While we'll miss the beach days and barbecues, the coming season is a wonderful one.
Autumn in New England means agricultural fairs and hay rides, hot apple cider and jack-o'-lanterns. And, of course, fall means football is back.
High school football in our area kicks off tonight and if this year is anything like the last, then scholastic football fans in the Record-Journal coverage area will have plenty to cheer about.
Here’s a quick look at our teams:
Despite going 8-2 last season, Southington missed out on the state playoffs for the first time since 2012.
The 2018 Blue Knights are eager to return to the postseason, and it looks like they may have the personnel to get there.
Another traditional football power, Cheshire, is also coming off a solid season. The Rams compiled a respectable mark of 6-4 in 2017, but, like Southington, were shut out of the playoffs.
Unlike Southington, however, this year, Cheshire is in rebuilding mode.
While Southington and Cheshire missed out on the postseason last fall, Sheehan and Maloney both got there.
Maloney earned a near-perfect mark of 9-1 in 2017, and the Spartans punched their ticket to the playoffs after an 11-year absence.
Now, Maloney is looking to keep the program moving in the right direction.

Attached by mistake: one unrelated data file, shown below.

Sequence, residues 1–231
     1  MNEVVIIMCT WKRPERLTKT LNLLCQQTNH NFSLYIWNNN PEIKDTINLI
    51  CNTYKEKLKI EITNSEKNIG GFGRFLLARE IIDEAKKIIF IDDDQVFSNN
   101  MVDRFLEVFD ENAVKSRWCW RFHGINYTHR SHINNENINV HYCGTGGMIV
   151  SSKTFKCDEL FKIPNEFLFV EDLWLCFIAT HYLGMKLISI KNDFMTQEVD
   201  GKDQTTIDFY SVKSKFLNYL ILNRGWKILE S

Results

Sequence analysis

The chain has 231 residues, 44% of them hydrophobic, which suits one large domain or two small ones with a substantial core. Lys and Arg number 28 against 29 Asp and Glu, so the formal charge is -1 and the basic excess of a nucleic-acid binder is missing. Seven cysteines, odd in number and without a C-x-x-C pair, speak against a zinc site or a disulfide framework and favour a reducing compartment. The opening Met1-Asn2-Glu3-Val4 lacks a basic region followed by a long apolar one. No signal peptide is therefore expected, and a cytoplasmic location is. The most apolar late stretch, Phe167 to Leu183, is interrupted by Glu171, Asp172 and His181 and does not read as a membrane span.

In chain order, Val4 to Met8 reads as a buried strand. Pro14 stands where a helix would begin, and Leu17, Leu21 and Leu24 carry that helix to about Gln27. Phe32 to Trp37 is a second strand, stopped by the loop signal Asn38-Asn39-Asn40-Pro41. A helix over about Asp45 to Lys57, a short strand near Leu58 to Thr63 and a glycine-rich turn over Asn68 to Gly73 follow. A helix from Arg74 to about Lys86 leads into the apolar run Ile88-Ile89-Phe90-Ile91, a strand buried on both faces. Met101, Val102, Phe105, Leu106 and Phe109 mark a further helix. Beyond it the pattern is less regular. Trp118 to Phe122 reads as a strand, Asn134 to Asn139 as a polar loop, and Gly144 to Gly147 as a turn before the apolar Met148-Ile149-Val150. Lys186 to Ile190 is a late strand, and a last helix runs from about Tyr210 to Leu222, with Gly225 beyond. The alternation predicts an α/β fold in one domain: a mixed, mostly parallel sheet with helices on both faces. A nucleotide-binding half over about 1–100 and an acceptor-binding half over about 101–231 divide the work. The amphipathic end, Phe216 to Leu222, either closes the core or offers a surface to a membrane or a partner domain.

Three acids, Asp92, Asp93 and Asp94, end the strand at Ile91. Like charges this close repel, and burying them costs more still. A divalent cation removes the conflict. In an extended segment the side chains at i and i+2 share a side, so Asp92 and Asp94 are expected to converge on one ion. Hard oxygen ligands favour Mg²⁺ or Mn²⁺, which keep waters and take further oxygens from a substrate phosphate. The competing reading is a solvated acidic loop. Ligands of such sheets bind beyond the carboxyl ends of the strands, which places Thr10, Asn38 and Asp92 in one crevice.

As did Maloney, Sheehan rolled up a regular season record of 9-1 in 2017, and the Titans ended a playoff drought which dated back to 1995.
Both the Spartans and the Titans appear poised to churn out a lot of wins this time around, too.
Along with Sheehan, Lyman Hall also did Wallingford proud last year. The long-struggling Trojans put up a respectable mark of 5-5 in 2017, matching their win total of the previous five seasons combined.
Lyman Hall now takes the field with a renewed confidence.
Elsewhere in our area, Platt is coming off a 4-6 season.
Dissension was an issue for the Panthers in 2017 — enough so that Platt coaches have made chemistry a point of focus for 2018.
Meanwhile, after spending a year regrouping at the JV level, Wilcox Tech has returned to varsity status and is looking to surprise some opponents.
This should be a fun season. They all are, really.
In many ways, high school football games bring us back to a simpler time. In the stands, neighbors chat it up, former teammates and opponents reconnect, politicians do their glad-handing. Games are wonderful community events in a time when we're seeing less and less of each other, in person at least.
Football is back, and we're ready for it.